The weekend was good and full of swimming, lounging and wine until it was swiftly and brusquely ended by a phone call from a financial aid drone who advised me that I had reach the federal loan limit, which meant no more government loans would be granted to me. That phone call, which lasted all of five minutes, officially marked the end of my summer and catapulted me headlong and unwillingly into fall semester.
I've been pondering my circumstances since Friday morning and I've reduced my choices to a few: apply for a Grad PLUS loan, apply for private loans, sell my house. The first and third options are the front runners; the third option has a slight edge only because I have a desire to move anyway. I have some time to thoroughly consider all my options as I'm not in as much of a hurry as I probably ought to be. My dogged refusal to acknowledge the end of summer break has lead to this sort of dangerous procrastination in which textbooks go unpurchased, lockers go unrented, and, alas, tuition bills go unpaid.
Class commences on Tuesday and my inbox is full of advanced assignments but 3L lethargy is in full swing even as I listen to eager 1Ls, who crowd the consignment bookstore, chatter about their summer spent reading Civ Pro E&E's. What an utter waste of time, I think. Would a man sentenced to prison spend his last days of freedom reading about prison life? No! Who in his or her right mind studies Civ Pro before it's necessary? Yet year after year, zealous law students embrace the wretched for some - any - advantage over a section mate, completely ignorant that one man's fervent study of civil procedure can still be equal to another man's halfhearted attempt. One exam in December levels the playing field and then it's not about how much you know, but how you apply it.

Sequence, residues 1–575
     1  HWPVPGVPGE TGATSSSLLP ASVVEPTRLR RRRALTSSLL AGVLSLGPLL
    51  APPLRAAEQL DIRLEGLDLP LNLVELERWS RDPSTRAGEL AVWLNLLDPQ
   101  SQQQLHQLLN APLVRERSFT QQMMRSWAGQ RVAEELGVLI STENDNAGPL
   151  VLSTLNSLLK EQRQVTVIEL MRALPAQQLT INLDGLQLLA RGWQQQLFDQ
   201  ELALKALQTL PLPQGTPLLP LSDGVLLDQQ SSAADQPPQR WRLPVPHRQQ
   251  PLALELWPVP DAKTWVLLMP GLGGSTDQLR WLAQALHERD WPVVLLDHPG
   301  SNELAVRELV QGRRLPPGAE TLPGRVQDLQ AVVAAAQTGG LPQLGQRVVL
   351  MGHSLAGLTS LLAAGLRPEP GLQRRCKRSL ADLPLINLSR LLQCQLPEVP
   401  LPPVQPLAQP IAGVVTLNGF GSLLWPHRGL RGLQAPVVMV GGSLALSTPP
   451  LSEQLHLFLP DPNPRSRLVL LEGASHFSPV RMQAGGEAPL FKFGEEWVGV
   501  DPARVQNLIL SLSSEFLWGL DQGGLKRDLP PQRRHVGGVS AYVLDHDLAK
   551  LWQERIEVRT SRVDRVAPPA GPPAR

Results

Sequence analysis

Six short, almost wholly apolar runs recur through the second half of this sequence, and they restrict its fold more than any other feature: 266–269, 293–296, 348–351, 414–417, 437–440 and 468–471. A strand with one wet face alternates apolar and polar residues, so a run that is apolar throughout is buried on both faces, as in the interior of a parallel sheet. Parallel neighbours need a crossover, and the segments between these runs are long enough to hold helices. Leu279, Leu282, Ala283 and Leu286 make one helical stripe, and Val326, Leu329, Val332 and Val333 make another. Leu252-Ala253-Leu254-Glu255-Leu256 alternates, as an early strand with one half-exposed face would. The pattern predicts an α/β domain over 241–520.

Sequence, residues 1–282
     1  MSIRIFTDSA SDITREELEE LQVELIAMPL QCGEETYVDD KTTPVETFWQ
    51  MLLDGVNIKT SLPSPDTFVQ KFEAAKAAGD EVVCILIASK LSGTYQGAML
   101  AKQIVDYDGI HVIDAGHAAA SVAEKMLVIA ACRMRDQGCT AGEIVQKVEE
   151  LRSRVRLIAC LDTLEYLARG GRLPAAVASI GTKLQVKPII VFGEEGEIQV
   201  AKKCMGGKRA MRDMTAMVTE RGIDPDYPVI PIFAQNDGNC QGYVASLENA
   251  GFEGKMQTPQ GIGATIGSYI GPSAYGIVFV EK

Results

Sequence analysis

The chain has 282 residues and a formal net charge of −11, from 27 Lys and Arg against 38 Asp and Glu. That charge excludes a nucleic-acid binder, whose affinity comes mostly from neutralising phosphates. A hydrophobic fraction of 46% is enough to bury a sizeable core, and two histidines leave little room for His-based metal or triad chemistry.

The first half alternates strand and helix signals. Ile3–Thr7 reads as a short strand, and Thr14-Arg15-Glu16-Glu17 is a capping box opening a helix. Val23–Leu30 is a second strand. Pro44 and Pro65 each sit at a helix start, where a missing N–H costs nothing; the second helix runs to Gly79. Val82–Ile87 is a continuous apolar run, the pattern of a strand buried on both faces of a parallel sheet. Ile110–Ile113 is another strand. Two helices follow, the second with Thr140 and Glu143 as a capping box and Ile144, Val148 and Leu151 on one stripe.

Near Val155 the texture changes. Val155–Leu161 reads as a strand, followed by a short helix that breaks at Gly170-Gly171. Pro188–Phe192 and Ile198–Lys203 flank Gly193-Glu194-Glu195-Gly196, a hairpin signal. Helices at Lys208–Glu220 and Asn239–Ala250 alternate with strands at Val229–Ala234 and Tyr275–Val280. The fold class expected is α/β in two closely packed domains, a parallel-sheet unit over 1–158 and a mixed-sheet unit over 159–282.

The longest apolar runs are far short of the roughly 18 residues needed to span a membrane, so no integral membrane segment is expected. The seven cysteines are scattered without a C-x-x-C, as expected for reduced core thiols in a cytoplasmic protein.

But, now, summer is over. Law schools around the country are in full swing and a new crop of insouciant 3Ls dot the law school landscape. 1Ls think us lazy and arrogant. In turn, we think they are foolish and idealistic. In some ways, we are both right. 3Ls are settled and usually have an answer to the employment question. 1Ls think law school will reveal new career paths and that the learning of the law will be exciting and life changing. They are seldom right and, though they wouldn't think it now, in time, when the newness of law school descends into tedium, those eager 1Ls will find their own behavior mirroring that of their 3L counterparts whom they so derided.